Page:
Dual Diagnosis vs Co-Occurring Disorders
Dual Diagnosis vs Co-Occurring Disorders, Differences, Treatment Process & Most Common Co-occurring Disorders
What is Dual Diagnosis?
A dual diagnosis occurs when a person suffers from both an alcohol and or drug addiction and another form of mental illness such as depression, bipolar disorder, anxiety disorders, etc. For example, a dual diagnosis can consist of treating someone who has an addiction to narcotics and who also struggles with schizophrenia or obsessive-compulsive disorder.
8.2 million Americans suffer from both addiction and mental health illnesses. Dual diagnosis statistics show this is more widespread than earlier understood and that it can be particularly damaging. For example, approximately 50% of adults with dual diagnoses are responsible for the majority of violent crimes in America Each year over 11 million people are arrested due to dual diagnosis-related behavior.
The We Level Up dual diagnosis treatment centers provide comprehensive care consisting of both primary addiction disorder and secondary behavioral disorder treatment.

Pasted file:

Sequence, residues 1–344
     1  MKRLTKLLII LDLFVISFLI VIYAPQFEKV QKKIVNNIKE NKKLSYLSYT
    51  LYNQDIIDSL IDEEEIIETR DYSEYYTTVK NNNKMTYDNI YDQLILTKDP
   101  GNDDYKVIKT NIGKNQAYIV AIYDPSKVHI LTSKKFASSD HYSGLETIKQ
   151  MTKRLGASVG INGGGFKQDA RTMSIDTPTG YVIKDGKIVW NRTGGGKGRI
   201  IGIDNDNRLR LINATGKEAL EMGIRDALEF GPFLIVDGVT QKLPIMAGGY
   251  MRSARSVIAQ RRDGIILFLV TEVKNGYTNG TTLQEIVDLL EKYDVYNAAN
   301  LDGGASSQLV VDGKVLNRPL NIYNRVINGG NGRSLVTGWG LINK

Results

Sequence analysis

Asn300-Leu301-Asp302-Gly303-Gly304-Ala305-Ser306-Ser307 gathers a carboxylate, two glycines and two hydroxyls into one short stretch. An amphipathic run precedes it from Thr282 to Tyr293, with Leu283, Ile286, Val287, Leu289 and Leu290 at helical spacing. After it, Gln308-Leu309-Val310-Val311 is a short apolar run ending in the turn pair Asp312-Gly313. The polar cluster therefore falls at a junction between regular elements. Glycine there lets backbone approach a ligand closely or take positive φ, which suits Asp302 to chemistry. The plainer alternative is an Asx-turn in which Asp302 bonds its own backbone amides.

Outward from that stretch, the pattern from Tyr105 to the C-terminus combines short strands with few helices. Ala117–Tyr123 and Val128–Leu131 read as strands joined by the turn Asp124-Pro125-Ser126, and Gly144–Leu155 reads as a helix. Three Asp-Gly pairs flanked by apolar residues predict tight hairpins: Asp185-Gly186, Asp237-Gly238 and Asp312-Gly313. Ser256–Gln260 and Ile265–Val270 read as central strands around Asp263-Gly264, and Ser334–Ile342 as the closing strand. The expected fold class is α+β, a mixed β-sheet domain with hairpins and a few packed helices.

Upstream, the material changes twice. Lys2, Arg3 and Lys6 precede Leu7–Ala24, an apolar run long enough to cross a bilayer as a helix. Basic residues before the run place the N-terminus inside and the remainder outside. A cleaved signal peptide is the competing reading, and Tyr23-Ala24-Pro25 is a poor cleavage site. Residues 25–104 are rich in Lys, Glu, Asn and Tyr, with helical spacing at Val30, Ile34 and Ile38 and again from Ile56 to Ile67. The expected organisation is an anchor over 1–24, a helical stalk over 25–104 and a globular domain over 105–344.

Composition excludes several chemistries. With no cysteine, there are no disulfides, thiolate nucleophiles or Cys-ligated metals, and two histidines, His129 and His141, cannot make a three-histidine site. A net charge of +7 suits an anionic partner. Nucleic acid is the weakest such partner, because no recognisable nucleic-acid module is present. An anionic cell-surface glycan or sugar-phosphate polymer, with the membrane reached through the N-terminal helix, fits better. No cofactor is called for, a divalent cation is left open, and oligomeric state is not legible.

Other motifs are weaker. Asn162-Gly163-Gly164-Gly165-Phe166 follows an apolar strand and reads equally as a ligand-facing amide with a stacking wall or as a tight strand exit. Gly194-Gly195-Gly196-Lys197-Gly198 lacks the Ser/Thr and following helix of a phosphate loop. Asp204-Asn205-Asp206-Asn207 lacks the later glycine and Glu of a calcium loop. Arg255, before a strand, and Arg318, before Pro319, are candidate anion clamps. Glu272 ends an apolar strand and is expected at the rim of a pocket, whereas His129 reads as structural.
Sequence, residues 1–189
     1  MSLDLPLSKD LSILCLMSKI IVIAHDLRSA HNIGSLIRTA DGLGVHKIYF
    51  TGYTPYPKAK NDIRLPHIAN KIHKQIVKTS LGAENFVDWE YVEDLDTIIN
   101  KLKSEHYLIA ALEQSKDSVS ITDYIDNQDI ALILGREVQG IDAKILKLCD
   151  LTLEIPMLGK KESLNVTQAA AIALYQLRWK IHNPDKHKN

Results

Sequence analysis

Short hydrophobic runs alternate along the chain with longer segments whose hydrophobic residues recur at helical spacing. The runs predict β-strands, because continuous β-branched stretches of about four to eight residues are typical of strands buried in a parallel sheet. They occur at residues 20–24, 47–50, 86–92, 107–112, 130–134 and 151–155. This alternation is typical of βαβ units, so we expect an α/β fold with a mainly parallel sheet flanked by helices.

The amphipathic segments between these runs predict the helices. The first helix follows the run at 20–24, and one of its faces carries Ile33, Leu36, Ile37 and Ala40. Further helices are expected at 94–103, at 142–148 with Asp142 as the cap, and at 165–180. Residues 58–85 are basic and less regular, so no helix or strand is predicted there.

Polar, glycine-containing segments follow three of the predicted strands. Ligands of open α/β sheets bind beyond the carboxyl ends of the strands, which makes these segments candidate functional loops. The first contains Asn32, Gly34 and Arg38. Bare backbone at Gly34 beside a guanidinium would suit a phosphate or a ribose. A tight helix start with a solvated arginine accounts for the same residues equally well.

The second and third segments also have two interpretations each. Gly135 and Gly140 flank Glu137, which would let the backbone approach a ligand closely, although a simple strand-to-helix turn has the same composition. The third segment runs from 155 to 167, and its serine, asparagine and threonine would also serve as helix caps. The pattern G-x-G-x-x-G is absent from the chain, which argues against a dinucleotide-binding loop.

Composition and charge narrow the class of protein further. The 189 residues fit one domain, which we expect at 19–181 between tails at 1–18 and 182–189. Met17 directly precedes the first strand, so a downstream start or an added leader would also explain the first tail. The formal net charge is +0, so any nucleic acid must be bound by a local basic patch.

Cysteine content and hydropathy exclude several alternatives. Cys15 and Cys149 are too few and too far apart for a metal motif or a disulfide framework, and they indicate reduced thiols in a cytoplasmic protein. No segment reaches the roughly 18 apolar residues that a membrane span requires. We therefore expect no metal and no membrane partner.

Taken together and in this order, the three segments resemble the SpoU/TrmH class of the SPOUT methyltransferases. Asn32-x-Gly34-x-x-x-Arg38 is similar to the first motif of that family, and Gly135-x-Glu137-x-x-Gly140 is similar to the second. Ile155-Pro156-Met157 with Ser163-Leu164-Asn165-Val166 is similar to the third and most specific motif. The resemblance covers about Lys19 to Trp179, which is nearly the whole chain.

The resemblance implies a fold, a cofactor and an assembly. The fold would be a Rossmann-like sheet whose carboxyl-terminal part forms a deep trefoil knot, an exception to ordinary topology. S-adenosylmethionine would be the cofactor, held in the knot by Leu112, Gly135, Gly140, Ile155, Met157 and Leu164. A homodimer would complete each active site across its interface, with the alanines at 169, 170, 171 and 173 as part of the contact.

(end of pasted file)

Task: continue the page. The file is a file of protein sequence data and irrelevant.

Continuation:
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What are Co-Occurring Disorders?
When a person is diagnosed with both a mental illness and a substance use disorder, they are said to have co-occurring disorders. Though the disorders can exist separately from one another, when they coexist in the same person, they usually cause the symptoms of both disorders to be amplified. It is common for a person with co-occurring disorders to have more severe symptoms than a person with only one of the disorders.
Co-occurring disorders treatments are defined by the dual diagnosis of a mental health disorder and a substance use disorder in the same person. These diagnoses can be made at the same time, or they can be made one after the other, but the two disorders occur simultaneously in the same person.
Difference Between Dual Diagnosis and Co-Occurring Disorders
The key difference between dual diagnosis and co-occurring disorders is the nature of the diagnosis. For dual diagnosis, while the elements discovered could be caused by substance abuse, they are two (or more) completely separate diagnoses. Contrast that with co-occurring disorders, where mental illness led an individual to self-medicate with drugs and alcohol, or the devastating effects and brain damage that comes with addiction led to the development of a mental illness. Mental health disorders and addiction are inexorably linked and must be treated together.